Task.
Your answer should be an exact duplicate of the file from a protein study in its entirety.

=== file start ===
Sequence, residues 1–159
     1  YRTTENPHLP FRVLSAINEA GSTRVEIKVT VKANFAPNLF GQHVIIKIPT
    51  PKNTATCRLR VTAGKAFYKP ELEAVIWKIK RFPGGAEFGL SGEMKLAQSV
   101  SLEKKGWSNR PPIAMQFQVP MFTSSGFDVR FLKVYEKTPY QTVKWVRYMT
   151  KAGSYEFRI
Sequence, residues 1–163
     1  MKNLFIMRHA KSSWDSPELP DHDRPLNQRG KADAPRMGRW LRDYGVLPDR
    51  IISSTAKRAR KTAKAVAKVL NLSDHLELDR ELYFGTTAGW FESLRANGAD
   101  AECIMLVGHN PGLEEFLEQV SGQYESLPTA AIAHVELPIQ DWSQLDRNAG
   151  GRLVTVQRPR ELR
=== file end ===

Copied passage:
Sequence, residues 1–159
     1  YRTTENPHLP FRVLSAINEA GSTRVEIKVT VKANFAPNLF GQHVIIKIPT
    51  PKNTATCRLR VTAGKAFYKP ELEAVIWKIK RFPGGAEFGL SGEMKLAQSV
   101  SLEKKGWSNR PPIAMQFQVP MFTSSGFDVR FLKVYEKTPY QTVKWVRYMT
   151  KAGSYEFRI
Sequence, residues 1–163
     1  MKNLFIMRHA KSSWDSPELP DHDRPLNQRG KADAPRMGRW LRDYGVLPDR
    51  IISSTAKRAR KTAKAVAKVL NLSDHLELDR ELYFGTTAGW FESLRANGAD
   101  AECIMLVGHN PGLEEFLEQV SGQYESLPTA AIAHVELPIQ DWSQLDRNAG
   151  GRLVTVQRPR ELR